Rather than thinking of Move the Pig as a way to rehabilitate really troubled and disobedient pigs, I now think of it simply as a way to communicate with a pig in his own language. Instead of waiting until Oscar’s aggression gets out of control, we now use Move the Pig techniques daily to communicate and reinforce the hierarchy in our household. A helpful piece of advice someone gave me is to keep doing Move the Pig even after you think it has worked and fixed your mini pig’s aggression. That helped me think of Move the Pig as a simple communication tool rather than an intimidating, complicated technique.
Move the Pig has been working really well for us so far, and I highly recommend it. Oscar’s aggression isn’t 100% fixed, but it has definitely improved and we feel like we have much more control over his aggression now and an effective tool to use when he shows any signs of aggression.
Since I am not a Move the Pig expert, I will list some resources below where you can read more about Move the Pig. From what I understand, Move the Pig techniques can vary depending on the severity of the pig’s aggression. Since Oscar is still small and his aggression isn’t terribly serious, we use some of the lighter techniques. However, for someone with a pig who is larger or has become dangerous, experts often recommend using a board between the owner and the pig when trying Move the Pig. So, before trying any techniques, make sure to research first and then try the particular techniques of Move the Pig that are most appropriate for your mini pig.
For us, Move the Pig means that we move Oscar with our feet a few times each day, sometimes from his napping spot and other times just when he’s standing around in the house. We say “move, move, move, move, move” and occasionally stomp or clap, especially when we first approach Oscar so that he knows what’s coming, and he almost always gets up and moves immediately. When he gets up and moves like he’s supposed to, we call him back into our space so that he doesn’t become frightened or see Move the Pig as really negative. I also try really hard not to step around Oscar when walking through the house. After learning about Move the Pig, I noticed how often I carefully step around him when he’s in my way. However, since pigs communicate hierarchy with their feet, stepping around them can send them mixed messages about who is in charge. So, that’s been a big change, and I simply move him or ask him to move instead of stepping over him now, which helps reinforce my communication that I’m in charge.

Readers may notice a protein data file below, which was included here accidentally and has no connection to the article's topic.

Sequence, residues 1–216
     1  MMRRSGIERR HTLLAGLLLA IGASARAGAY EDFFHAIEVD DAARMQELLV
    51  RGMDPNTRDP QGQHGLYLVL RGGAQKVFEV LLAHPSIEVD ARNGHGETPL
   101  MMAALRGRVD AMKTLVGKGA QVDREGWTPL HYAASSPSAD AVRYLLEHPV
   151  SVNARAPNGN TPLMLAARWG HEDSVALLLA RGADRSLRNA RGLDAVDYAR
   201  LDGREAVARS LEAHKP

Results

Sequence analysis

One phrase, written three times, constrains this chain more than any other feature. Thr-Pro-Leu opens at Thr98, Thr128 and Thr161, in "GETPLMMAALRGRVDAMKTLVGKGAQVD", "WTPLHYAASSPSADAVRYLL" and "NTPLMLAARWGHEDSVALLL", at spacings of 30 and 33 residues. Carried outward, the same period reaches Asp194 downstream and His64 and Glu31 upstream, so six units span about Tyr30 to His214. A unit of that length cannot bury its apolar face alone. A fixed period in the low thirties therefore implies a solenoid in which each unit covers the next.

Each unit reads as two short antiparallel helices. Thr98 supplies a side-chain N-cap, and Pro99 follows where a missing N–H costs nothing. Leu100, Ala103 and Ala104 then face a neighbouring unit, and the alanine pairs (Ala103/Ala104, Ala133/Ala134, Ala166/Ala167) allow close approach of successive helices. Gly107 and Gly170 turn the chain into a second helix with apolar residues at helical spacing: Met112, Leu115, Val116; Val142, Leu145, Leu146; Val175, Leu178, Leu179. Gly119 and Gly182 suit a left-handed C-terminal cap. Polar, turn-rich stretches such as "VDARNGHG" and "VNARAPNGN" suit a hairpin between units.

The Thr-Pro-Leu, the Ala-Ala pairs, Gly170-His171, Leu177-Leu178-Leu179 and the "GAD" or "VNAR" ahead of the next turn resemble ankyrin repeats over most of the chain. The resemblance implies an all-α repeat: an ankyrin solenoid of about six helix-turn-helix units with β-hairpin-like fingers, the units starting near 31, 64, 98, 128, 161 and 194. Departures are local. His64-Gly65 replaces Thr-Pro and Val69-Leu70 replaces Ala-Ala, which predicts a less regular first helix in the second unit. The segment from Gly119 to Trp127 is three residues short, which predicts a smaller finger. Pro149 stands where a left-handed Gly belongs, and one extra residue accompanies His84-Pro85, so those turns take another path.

One thing that’s really important to address is that a lot of mini pig owners think Move the Pig is mean. I’ll admit that it feels mean at first. Many of us have babied our pigs to the point of being spoiled, so intentionally moving them from a napping spot with our feet feels wrong. However, Oscar seems like a happier pig now that he knows his place in the household hierarchy. When he’s challenging us and trying to figure out where he belongs, he’s aggressive, unsettled, and seems always on guard. Now that his place is more established, he seems calmer, happier, and more able to just enjoy being a pig. So, although it might feel uncomfortable and mean at first, sticking with Move the Pig will allow you to see the positive changes in your pig first hand, and I have come to believe they are happier knowing their place rather than constantly challenging to figure it out, even if that place in the hierarchy is lower. Also, if you still think Move the Pig is mean, search for and watch a video of pigs interacting with each other. They are often very rough when moving each other and establishing hierarchy, and it will help you to see how Move the Pig works when it’s between pigs.
To learn more about Move the Pig, check out the below articles. In all of my research, I found these articles to be the most helpful in learning what Move the Pig is and how to use it.
This article about Move the Pig on the Mini Pig Info website is written by Lydia Weaver and includes an excellent video about Move the Pig that provides an explanation of why it’s effective. I recommend starting here as your first resource.
This post on Facebook is a great secondary resource for Move the Pig. It’s basically a post about Move the Pig and then a bunch of answered questions below that helped me better understand some of the more confusing parts of Move the Pig and how to implement it with Oscar.
To see a video example of us using our interpretation of Move the Pig with Oscar, check out this blog post.